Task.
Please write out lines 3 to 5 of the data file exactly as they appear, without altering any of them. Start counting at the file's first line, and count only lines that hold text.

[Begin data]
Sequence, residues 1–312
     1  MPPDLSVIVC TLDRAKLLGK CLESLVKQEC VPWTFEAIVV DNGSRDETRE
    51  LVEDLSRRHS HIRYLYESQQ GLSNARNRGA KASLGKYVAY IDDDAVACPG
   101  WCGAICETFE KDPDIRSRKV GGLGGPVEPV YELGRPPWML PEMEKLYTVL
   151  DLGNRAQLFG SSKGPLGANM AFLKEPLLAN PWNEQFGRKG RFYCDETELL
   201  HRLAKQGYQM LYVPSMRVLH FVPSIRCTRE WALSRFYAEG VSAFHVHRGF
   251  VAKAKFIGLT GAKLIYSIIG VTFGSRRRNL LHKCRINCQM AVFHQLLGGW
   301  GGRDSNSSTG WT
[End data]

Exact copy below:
    51  LVEDLSRRHS HIRYLYESQQ GLSNARNRGA KASLGKYVAY IDDDAVACPG
   101  WCGAICETFE KDPDIRSRKV GGLGGPVEPV YELGRPPWML PEMEKLYTVL
   151  DLGNRAQLFG SSKGPLGANM AFLKEPLLAN PWNEQFGRKG RFYCDETELL